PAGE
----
It is a horrible tragedy that so few people today respect these plain words.

Submission + - Liberal Arts majors best for a tech team (wsj.com)

DavidHumus writes: The founder of Reverb.com blogs about a change of heart he's had based on his experience over the past several years. He used to think — and preach — that "... the demand for quality computer programmers and engineers ... [means] we need more students with computer-science and engineering degrees." However, he has since concluded "...that individuals with liberal arts degrees are by far the sharpest, best-performing software developers and technology leaders."

Comment Re:[X] instead of Cancel (Score 1) 376

But how exactly is this a violation of "standard Windows conventions"? Clicking a corner [X] button has always been an indication of the user's desire to dismiss the window being closed and take no further action

Exactly, the key words being "take no further action". In other words, don't change anything on my computer...

Comment Re:Proposal (Score 1) 376

The 'x' is expected to mean "close this window and take no action".

Close, but most users expect clicking the 'x' to mean something closer to "close this window without doing/changing anything". I know it's a relatively subtle distinction, but most users are going to expect that, by clicking the 'x', they're canceling the planned update, and somebody at MS is exploiting that. At best, it's mere incompetence and the exploit was unintended - this particular dialog really shouldn't even have an 'x' but a pair of large buttons: "Upgrade to Win10" and "Keep using Win7". More likely this setup is deceitful by design.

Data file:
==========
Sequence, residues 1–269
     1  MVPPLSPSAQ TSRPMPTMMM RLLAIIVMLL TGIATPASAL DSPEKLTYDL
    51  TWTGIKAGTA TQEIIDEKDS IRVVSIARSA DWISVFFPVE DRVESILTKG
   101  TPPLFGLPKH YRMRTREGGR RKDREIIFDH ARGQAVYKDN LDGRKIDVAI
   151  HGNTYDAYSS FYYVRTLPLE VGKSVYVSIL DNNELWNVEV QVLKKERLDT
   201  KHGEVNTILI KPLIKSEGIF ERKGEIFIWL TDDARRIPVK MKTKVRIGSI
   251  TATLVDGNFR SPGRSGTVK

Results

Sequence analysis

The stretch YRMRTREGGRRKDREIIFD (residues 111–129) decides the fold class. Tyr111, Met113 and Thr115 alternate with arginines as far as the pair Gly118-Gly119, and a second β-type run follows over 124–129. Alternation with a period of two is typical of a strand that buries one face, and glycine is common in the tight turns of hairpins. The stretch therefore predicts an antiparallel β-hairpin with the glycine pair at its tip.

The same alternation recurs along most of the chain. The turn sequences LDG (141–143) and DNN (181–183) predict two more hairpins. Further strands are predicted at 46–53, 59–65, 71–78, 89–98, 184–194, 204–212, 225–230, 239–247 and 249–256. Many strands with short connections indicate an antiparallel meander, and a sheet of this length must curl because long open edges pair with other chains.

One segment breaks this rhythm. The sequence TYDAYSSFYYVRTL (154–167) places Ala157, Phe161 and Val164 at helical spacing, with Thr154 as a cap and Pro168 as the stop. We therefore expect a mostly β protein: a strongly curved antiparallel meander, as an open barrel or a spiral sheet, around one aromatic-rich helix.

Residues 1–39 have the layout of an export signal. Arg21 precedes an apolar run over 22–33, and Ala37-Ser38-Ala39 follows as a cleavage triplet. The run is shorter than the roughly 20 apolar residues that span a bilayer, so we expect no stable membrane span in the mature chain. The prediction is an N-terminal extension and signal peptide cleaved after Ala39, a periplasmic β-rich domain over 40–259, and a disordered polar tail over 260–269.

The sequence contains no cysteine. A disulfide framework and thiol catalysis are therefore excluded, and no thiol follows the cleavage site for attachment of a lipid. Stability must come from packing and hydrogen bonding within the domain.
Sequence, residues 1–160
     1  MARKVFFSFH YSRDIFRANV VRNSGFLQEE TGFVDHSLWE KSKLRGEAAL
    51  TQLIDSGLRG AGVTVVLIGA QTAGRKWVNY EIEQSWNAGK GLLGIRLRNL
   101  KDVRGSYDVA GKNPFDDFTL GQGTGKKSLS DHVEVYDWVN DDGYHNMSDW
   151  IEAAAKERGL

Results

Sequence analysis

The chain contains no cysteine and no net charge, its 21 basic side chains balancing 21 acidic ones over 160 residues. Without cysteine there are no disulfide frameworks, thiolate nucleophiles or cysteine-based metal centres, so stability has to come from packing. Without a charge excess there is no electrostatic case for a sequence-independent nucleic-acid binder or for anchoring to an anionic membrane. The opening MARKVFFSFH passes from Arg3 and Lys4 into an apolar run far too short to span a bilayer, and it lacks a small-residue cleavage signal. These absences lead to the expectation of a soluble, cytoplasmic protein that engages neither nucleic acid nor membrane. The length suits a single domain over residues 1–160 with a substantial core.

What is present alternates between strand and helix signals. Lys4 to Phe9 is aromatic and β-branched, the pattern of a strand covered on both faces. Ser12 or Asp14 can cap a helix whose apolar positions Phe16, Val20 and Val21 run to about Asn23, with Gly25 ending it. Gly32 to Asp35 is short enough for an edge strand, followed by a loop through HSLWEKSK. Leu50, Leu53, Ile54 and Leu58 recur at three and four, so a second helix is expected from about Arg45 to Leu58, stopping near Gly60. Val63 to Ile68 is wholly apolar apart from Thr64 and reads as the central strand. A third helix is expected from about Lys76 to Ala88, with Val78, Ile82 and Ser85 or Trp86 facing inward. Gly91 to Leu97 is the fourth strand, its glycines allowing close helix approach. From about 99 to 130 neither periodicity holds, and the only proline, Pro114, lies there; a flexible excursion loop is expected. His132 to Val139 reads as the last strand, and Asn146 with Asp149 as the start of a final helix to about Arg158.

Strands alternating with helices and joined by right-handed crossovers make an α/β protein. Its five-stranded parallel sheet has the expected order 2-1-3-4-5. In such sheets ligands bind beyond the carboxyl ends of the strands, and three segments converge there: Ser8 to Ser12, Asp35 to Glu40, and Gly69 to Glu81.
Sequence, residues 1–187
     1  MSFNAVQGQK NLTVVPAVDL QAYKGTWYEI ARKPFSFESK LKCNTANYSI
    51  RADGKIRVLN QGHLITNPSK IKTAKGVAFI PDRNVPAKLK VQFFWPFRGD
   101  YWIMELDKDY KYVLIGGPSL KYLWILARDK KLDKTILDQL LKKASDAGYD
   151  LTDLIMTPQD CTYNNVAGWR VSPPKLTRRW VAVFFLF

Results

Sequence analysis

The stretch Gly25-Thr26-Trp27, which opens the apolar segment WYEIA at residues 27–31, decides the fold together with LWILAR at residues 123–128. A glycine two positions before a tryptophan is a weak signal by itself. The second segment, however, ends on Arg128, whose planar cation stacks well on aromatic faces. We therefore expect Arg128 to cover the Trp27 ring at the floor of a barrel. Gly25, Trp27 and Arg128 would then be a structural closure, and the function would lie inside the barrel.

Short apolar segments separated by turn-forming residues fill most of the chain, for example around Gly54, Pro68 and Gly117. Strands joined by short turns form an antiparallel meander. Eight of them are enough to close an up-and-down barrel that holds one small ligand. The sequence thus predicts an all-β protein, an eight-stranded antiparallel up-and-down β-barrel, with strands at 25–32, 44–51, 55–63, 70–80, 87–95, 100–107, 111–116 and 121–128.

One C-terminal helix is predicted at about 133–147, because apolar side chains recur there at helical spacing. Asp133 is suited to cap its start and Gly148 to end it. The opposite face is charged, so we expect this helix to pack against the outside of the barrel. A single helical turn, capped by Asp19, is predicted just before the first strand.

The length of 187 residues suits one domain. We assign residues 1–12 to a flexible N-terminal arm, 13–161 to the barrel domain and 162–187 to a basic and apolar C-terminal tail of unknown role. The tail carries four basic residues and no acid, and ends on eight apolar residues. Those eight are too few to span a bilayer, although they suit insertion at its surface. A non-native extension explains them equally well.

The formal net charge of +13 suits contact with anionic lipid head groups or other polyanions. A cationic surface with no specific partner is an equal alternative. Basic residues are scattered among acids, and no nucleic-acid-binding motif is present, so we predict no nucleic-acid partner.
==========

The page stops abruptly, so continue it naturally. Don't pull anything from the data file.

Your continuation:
Comment Re:"an additional opportunity" (Score 1) 376

Microsoft says they'll give "an additional opportunity for cancelling the upgrade"

And that helps anyone who was automagically updated (whether they they wanted it or not) how, exactly?

I'm pretty sure my supervisor would prefer going back to Win7, but with the various reports I'm seeing of rollbacks leading to BSOD/reinstall, the risk of data loss is probably significantly worse than just going forward with Win10. We may have upgraded anyway before the free period expires, but we were certainly planning of a full system image/backup first which we never got to do because the OS updated itself overnight without notice.

Comment Re:Malware trick (Score 1) 376

I probably shouldn't reply to ACs, but you can't necessarily cancel, especially if you never saw the notification in the first place. We had one computer here upgrade itself fully last night - walked in this morning to see "Welcome to Windows 10". Not my PC, and AFAIK it was set to automatically apply Windows updates. I spent a good part of the morning walking my supervisor through disabling most of the phone-home stuff and "acclimating" him to some of the bigger interface changes.